In 2015, on the sesquicentennial of Abraham Lincoln’s death, the Philadelphia Inquirer reprinted its front page as it had appeared on April 15, 1865, a day after the American president’s assassination. I was struck by the appearance of the page, how differently it looked from today, with what seemed like illogical spacing, kerning, eclectic use of fonts, all encapsulated in a highly florid language. Running down the entirety of the left-hand column was a series of what appeared as mini-headlines, each announcing a significant moment in Lincoln’s life, from birth to death, with the final one reading “A Nation Mourns!”
I recalled studying the 19th-century designs for theatre plays frontispieces, and especially a frontispiece for Matthew Brady’s portfolio of photographs of the American Civil War. The language was equally florid, often over-the-top sensational, and again accompanied by an unexpected use of different fonts and odd kerning and spacing. While the sheet for Matthew Brady was meant to sell the buyer on the experience of the photographs, I was interested in what has since been lost in the ways of imagining life and death. I saw, too, my interest in the Lincoln broadsheet page as a continuation of my long-standing interest in the fluidity between pictorialism and textuality. Like Deleuze and Guattari’s famous example from A Thousand Plateaus of the wasp that becomes an orchid and the orchid that becomes a wasp, an image engenders a multitude of texts just as a text can produce innumerable images.
My series titled “Necrology” was impelled by the idea of text as an image machine, to borrow from Deleuze again. In fact, the Lincoln page taught me that pictorialism begins with the unit of the alphabetic letter itself, well before its amalgamation into text. I developed the “Necrology Series” for another reason, as well—as a substitute for an actual picture, which could restore a degree of our imagining process and remove it from having been territorialized by current image reception.
The “Necrology Series” takes the form of monumentally scaled posters on fine archival watercolour paper. Each work tells of a possible life lived. Like much of my work, this series is oriented toward the banal, the ordinary and the everyday. I do this not as a statement of anti-art but anti-establishment art, which has always inhabited quotidian forms such as the popular print and the genre picture. The “Necrology” works chronicle lives of people such as an African-American woman of faith who led a decent lower-middle-class life as a keypunch operator; or a mysterious tattooed lady found dead and identified only by chance through Facebook; or Yasir Khorshed, who fought on behalf of garment workers’ rights only to die at an early age of benzene poisoning, at one time a not uncommon cause of death for garment workers. In the case of Yasir, I included, or wove in, my own garment-worker mother’s death from benzene-generated leukemia.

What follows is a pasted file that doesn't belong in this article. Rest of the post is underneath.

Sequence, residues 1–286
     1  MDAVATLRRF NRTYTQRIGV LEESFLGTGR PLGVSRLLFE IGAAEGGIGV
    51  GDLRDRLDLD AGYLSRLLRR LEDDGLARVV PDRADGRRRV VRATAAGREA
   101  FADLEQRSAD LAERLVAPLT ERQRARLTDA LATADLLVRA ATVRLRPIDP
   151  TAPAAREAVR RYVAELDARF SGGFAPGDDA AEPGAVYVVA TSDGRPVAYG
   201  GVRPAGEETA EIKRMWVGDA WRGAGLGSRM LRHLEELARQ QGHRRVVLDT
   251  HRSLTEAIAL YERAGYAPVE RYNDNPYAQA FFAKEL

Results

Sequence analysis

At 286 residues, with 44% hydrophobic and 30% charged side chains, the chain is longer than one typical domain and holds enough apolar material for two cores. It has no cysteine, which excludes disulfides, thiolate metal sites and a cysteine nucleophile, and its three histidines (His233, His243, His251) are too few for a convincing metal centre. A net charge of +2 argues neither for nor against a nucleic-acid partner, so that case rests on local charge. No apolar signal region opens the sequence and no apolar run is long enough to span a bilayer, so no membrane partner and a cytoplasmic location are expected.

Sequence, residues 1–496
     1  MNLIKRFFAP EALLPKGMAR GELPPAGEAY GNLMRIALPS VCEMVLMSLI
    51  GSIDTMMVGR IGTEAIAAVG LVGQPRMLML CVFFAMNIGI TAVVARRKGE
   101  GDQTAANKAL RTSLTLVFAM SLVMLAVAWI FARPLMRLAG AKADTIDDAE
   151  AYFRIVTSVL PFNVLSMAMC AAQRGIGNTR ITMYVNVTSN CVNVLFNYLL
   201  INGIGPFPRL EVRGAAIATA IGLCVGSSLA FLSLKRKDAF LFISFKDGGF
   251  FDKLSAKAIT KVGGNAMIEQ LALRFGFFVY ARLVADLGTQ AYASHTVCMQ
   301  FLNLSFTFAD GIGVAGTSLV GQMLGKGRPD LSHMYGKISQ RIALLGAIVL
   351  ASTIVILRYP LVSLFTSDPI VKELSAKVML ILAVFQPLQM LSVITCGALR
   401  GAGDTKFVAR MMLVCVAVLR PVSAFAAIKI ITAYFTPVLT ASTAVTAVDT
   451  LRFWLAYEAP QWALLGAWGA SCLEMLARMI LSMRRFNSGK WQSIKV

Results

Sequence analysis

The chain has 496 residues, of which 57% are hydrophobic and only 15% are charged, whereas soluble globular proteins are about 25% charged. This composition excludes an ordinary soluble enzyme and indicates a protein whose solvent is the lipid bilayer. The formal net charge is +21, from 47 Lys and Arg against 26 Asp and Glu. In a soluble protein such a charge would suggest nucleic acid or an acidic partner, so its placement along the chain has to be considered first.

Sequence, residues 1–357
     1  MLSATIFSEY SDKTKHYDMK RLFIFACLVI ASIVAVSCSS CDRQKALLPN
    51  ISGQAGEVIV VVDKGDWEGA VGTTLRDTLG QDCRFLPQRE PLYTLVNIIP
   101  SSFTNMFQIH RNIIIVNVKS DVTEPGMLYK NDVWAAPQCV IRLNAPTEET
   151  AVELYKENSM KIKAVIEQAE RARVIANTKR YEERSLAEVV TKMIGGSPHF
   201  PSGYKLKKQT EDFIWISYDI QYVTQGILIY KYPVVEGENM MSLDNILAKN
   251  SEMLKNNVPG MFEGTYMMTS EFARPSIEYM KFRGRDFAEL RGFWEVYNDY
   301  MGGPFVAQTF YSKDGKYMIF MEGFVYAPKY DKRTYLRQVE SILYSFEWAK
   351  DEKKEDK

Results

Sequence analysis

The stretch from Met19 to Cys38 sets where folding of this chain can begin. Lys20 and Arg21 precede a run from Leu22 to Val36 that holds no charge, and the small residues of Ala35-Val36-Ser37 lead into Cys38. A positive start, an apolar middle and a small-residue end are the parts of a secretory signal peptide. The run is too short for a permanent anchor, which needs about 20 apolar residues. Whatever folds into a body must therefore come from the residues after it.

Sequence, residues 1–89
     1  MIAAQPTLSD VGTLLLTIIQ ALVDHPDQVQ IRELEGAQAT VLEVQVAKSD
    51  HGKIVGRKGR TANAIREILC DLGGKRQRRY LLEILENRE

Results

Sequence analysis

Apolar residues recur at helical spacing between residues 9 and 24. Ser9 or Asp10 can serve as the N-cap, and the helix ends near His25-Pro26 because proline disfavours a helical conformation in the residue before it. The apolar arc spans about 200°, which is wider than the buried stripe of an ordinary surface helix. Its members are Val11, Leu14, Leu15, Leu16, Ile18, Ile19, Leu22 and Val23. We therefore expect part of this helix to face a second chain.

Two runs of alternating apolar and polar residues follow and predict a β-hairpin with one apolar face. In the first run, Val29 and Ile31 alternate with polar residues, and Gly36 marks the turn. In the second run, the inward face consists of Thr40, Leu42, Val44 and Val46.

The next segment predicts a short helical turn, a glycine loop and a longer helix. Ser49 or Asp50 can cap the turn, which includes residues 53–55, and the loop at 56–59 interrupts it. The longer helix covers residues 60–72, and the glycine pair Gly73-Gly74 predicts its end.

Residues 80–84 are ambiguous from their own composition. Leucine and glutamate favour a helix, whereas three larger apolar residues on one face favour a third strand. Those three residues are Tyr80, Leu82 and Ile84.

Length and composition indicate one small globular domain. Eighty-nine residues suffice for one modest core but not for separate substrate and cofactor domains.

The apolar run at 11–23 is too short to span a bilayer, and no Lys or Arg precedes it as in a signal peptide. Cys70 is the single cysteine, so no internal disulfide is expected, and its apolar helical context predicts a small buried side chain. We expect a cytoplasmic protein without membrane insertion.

Each of the lives depicted in this series is neither fact nor fiction; they are amalgamations from various collected obituaries as well as personal recollections of dead relatives and friends. They read as real rather than as fact. In so doing, the works are expressive rather than illustrative, didactic or instrumental in the way that documentary photographs of a person may be. As in all my work, I am interested in the question of identity and its formation. But mostly, I hoped for a reader lost in both the language and look of the overall image of the text.